airbrush. This worked reasonably well although it was difficult to
do given the wrap around nature of the scheme and the
inaccessible fuselage contours around the exhaust/gun pod area.

Stage 12

Stages
The undercarriage outriggers were added next since these parts
were moulded complete with the associated door and well
components and some filling was necessary which could not
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The decals came from Super Scale sheet 48-410 which provided
for AV-8B's from VMA-203, 211, 214 and 231, these aircraft
appear in a variety of colour schemes, full details of which are
given on the instructions. I had chosen VMA-231 not just for the
colour scheme but also for the nose markings which consist of
the famous Ace of Spades emblem and in the case of the
commander's machine, a sharks mouth. The decals do not

provide m u c h stencilling, not that m u c h is visible on the Harrier,


but in m o d e l f o r m this never seems to be subtle e n o u g h to be
realistic even in larger scales.

as it became clear that t h i s w a s not the case, load d r o p p e d to


one missile under the left w i n g only a n d later to none at all.

Stage 14
T h e f i n i s h e d m o d e l w a s g i v e n a c o a t of m a t t v a r n i s h in
preparation for w e a t h e r i n g , this was done for most part w i t h
p o w d e r e d artists pastel in a variety of colours. The m a i n areas
for attention are the t o p of the w i n g , w h e r e there are often stains
streaking back, especially across the flaps, and the rear fuselage
w h i c h is s t a i n e d aft of t h e rear e x h a u s t nozzles. It s h o u l d be
r e m e m b e r e d that the f r o n t nozzles expel ' c o l d ' air and do not
therefore scorch and discolour in the same w a y . Since m y m o d e l
w a s carrying t w o S i d e w i n d e r s it represented an aircraft early in
the w a r , I had therefore, to be careful not to get carried a w a y and
make the w e a t h e r i n g t o o heavy. A final coat of varnish w a s used
to seal e v e r y t h i n g in place, before r e m o v i n g the m a s k i n g f r o m
c a n o p y and c o c k p i t . Lastly the pale y e l l o w sealant a r o u n d the
canopy f r a m e w a s added using t h i n strips of pre-painted decal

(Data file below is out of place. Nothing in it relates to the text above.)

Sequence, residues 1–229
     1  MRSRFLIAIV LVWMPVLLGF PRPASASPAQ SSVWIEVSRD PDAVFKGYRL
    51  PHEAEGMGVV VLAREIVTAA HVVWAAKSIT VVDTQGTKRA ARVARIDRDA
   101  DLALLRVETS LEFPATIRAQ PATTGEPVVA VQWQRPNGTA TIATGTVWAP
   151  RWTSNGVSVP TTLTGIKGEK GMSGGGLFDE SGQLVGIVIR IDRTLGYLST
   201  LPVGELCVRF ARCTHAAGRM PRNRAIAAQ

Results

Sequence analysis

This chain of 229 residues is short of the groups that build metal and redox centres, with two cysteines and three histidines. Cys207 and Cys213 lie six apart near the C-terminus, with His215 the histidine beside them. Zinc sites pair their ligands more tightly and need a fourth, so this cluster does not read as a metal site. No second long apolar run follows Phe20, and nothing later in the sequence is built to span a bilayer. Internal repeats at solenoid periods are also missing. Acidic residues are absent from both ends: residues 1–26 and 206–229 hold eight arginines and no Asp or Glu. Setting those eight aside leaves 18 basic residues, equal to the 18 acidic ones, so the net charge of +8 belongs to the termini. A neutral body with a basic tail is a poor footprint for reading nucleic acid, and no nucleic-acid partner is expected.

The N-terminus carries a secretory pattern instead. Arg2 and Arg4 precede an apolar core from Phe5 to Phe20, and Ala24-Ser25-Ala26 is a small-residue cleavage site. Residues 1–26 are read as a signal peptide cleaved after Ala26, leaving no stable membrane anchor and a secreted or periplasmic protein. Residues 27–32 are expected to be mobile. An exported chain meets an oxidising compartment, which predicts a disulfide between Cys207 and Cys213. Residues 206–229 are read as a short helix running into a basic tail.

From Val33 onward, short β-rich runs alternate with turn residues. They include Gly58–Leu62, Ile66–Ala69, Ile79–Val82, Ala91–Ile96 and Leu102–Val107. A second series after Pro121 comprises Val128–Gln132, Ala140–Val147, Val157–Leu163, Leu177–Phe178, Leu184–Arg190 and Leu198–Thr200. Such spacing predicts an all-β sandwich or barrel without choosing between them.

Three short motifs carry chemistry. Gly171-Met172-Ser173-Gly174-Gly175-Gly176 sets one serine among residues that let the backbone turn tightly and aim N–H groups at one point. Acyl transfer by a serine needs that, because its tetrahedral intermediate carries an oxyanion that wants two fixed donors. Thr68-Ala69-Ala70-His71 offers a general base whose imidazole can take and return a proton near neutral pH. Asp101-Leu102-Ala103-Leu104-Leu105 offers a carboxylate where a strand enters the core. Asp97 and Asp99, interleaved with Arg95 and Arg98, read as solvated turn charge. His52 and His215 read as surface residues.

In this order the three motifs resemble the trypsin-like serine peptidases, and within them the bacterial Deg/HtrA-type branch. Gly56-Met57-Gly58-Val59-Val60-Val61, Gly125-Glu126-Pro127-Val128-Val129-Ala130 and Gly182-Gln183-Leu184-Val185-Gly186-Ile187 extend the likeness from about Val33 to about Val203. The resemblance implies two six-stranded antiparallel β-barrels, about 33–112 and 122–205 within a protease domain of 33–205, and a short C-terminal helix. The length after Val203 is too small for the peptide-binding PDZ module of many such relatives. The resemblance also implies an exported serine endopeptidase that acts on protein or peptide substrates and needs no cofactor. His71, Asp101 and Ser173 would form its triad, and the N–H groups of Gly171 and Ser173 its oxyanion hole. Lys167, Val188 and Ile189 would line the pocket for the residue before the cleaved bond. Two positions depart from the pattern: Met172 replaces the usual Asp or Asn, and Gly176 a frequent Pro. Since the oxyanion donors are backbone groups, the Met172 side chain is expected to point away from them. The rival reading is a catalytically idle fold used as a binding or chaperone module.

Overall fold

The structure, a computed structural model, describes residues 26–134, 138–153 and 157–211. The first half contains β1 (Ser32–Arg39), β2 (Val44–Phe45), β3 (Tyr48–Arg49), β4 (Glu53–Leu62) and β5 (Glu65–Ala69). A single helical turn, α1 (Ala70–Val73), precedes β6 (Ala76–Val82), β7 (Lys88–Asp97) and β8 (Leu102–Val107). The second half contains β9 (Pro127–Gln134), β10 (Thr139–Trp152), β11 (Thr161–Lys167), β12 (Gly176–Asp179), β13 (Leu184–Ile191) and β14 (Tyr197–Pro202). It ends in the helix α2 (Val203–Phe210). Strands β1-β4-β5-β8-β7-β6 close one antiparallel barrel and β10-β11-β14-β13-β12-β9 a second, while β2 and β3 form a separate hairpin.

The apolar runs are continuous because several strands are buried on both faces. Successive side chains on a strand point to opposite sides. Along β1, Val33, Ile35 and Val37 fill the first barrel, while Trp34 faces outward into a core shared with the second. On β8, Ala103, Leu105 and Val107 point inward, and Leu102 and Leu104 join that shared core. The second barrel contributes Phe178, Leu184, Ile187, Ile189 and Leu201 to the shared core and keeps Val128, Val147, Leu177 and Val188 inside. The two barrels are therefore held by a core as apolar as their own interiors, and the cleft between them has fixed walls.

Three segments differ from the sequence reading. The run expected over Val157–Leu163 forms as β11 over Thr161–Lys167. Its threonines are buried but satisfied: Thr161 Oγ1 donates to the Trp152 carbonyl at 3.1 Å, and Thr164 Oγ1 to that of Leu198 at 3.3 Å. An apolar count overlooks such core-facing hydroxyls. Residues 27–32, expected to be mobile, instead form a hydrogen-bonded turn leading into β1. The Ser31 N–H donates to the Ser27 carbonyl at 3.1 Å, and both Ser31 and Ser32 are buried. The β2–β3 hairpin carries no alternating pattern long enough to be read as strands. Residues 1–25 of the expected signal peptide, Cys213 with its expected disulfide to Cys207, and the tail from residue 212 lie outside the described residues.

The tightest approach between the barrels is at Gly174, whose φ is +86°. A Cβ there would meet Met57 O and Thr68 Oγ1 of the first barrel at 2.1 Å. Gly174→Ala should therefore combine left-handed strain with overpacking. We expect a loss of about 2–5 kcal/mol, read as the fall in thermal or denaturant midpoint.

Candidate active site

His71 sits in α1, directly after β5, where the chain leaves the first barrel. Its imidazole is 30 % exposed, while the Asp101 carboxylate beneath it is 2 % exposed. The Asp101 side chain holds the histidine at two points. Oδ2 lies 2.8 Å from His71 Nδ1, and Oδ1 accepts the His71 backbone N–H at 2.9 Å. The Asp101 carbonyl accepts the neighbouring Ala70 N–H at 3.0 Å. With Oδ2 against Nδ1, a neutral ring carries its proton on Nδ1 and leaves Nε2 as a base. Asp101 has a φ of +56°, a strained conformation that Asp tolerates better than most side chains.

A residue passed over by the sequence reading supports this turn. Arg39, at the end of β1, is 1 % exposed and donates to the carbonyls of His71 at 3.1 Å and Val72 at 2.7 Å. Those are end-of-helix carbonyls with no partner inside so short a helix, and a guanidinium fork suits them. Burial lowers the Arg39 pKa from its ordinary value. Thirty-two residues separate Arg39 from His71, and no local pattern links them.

f i l m , and the sliding canopy w a s fixed in p o s i t i o n .

In conclusion
Stage 13
After h a v i n g a p p l i e d all the decals, f i n a l a s s e m b l y w a s c a r r i e d
out. This involves a d d i n g the undercarriage d o o r s , the airbrake
and air d a m as w e l l as the p y l o n s and stores. D u r i n g the Gulf
W a r , H a r r i e r s c a r r i e d a v a r i e t y o f w e a p o n s in d i f f e r i n g
c o n f i g u r a t i o n s . T r i p l e ejector racks w e r e o c c a s i o n a l l y used f o r
Snakeye's especially at the start of the offensive, h o w e v e r a m o r e
c o m m o n load w a s f o u r or six b o m b s , one to a p y l o n . This
c o n f i g u r a t i o n did not require extensive use of additional w e a p o n
sets and w a s therefore chosen for the m o d e l . S i d e w i n d e r missiles
are p r o v i d e d in the kit and can be used on a Desert S t o r m aircraft.
These w e r e carried in pairs d u r i n g the early days w h e n it w a s
considered that there w a s a real threat f r o m the Iraqi A i r Force,

T h e f i n i s h e d m o d e l c e r t a i n l y c a p t u r e s the feel of t h e f u l l size


m a c h i n e , and the light grey scheme makes a w e l c o m e change to
the dark d r a b c o l o u r s of earlier Harrier v a r i a n t s . This is q u i t e a
s m a l l a i r c r a f t e v e n in 1:48th s c a l e , a n d s e v e r a l Desert S t o r m
d i o r a m a scenes spring to m i n d (if only I had the patience!). A s it
is, m y m o d e l is d i s p l a y e d next to an A i r f i x Sea H a r r i e r in an
e q u a l l y w a r w e a r y Falklands s c h e m e , a r e m i n d e r of the t y p e ' s
d i s t i n g u i s h e d service career.

References

Gulf A i r P o w e r Debrief (Aerospace)


Detail & Scale v o l u m e 28 (Airlife)

The
author's completed model of the Monogram AV-8B
Harrier in the markings of VMA_231.